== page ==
Not Darth Vader – telling a good brand story has never been this tough

Storytelling used to be easy. You as a narrator would have sat down at the fireplace, where everyone met to hear the latest. You would have used language and metaphors, which were part of the shared culture, in order to make sure, everyone understood what you said and could relate with it. The listeners would have taken along the things heard and shared it with their friends and family who were not present at the campfire. Thus a story would have spread quickly and fairly consistently, as the primal narration had attained great reach already, and the people, that were meant to understand and share it, would have formed a very homogenous, cohesive group (e.g. the Germans / the French). 

The basic principle of a good story remains the same today:  it needs to be heard and understood in order to move and be shared. However there is not this one central fireplace anymore, but thousands of it, around which small heterogeneous groups of people gather, who shape and share their own sub- and micro-cultures. It’s not punks versus mods versus the establishment anymore. It’s people meeting up and creating their very own microcosms across 620 million Facebook groups, 19 million active Discord servers, and 2.8 million subreddits. There are micro-cultures forming around interests that do not even have representations in the „real“ world, like MMO- and NFT-communities. Today’s cultures do not end at the frontiers of national states, because they are neither originating from nor bound to any kind of physical territory. Furthermore the development of communities in the digital sphere is not limited by the availability of physical breeding grounds like settlements, clubhouses et cetera. Hence there are no boundaries for cultural fragmentation. Unifying elements do of course exist. Even digital communities do not thrive in a vacuum. First of all there is language. Even in Web 3.0 or even more in the era of post-factualism with „alternative truths“ co-existing side by side, language creates reality. Just look at NFTs. An NFT is a png- or mp4-file, that is given value from a good narrative and words in a smart contract. Same as in the old art world, except van Gogh didn’t paint on pngs but cnvs.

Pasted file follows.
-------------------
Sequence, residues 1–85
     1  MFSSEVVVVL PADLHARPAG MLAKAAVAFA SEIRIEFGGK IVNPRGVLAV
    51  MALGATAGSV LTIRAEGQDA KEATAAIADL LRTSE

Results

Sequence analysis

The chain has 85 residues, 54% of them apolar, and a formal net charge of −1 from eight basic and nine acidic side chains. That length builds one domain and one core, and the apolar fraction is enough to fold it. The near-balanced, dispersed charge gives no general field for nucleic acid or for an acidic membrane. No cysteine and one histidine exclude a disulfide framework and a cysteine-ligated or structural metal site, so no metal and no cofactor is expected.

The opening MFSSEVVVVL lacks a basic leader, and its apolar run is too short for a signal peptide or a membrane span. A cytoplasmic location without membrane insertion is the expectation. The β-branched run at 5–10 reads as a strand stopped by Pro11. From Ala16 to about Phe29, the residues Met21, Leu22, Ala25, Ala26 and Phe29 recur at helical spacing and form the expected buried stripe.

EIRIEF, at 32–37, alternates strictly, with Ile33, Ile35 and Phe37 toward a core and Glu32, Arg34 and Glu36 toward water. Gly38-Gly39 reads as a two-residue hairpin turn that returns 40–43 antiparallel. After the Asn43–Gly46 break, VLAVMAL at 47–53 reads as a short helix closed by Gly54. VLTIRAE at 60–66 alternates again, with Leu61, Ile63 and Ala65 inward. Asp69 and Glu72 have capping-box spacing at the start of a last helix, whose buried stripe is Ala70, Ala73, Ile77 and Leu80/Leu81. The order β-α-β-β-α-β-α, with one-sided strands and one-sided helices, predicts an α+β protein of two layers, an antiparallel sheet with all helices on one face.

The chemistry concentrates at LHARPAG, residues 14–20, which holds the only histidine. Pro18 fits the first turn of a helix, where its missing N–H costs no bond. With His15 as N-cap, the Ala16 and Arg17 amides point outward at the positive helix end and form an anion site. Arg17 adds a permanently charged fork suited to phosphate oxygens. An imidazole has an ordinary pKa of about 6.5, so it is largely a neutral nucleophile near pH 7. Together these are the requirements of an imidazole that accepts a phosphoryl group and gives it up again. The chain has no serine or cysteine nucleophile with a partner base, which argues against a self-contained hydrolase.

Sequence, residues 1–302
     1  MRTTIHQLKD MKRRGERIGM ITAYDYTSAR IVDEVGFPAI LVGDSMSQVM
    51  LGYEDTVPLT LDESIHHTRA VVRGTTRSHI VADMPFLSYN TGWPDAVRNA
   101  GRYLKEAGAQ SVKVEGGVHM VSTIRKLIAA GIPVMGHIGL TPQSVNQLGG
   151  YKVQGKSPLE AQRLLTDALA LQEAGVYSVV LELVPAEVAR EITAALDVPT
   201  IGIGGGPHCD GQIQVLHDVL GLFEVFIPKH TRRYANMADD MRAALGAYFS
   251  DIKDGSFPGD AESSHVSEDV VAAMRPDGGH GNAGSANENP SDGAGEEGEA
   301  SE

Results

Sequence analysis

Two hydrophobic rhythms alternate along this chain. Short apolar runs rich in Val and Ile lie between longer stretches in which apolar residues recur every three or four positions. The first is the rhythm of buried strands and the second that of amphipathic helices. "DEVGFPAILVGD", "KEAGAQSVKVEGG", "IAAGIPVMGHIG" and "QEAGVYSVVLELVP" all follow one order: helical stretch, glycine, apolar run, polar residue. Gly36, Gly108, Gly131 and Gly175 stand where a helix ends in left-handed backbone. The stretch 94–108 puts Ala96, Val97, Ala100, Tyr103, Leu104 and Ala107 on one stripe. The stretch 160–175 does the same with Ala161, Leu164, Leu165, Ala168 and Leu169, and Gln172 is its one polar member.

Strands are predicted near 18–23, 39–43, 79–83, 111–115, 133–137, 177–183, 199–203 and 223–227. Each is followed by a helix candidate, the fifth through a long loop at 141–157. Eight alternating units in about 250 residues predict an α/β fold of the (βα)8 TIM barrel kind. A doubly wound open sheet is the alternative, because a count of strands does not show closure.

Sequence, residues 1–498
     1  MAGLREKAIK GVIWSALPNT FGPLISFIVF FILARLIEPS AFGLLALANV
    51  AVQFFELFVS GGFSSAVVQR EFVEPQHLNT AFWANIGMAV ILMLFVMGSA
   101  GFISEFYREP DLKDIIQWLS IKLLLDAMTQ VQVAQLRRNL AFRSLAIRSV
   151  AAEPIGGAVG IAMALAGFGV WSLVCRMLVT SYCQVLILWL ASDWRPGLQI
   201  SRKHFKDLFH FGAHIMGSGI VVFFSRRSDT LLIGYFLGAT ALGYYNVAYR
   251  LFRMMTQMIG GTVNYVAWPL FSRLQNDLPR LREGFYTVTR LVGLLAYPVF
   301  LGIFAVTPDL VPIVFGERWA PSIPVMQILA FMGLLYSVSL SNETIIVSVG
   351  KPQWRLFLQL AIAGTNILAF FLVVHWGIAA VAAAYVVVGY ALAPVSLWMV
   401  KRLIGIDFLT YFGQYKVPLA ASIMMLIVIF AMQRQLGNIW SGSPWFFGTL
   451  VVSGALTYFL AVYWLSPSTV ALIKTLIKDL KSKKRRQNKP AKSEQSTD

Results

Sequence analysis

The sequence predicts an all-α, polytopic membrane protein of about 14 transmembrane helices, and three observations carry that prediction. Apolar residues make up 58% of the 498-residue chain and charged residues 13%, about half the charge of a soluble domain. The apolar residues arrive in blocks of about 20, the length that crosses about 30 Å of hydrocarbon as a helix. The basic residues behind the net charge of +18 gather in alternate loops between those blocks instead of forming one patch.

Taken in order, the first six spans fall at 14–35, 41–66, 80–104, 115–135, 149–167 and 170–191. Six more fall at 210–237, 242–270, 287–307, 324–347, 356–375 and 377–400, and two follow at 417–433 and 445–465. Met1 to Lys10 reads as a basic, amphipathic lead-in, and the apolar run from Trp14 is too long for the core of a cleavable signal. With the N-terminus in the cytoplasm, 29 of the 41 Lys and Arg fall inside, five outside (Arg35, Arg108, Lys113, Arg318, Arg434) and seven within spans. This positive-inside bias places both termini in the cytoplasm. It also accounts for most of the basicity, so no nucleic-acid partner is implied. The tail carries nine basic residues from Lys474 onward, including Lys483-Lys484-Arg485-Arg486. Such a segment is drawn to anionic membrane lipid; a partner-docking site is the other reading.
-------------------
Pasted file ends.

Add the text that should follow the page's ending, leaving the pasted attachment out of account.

The whole nft market is driven by hype created by stories. If a hype succeeds there will be demand. If there’s enough demand, there will be scarcity. If there’s scarcity, prices go up. Supply and demand. You know how it works. It has been the same for over 2000 years now. The real beauty of non-fungible tokens does not lie in making and losing lots of money with colorful trading cards by the way. It lies for instance in the idea of decentralizing the financial system which is now controlled by a few and make it accessible for all. It lies in the opportunity of decentralized autonomous organizations, that are unbiased and participatory by design…we’re getting off the track here. Let’’s get back to language.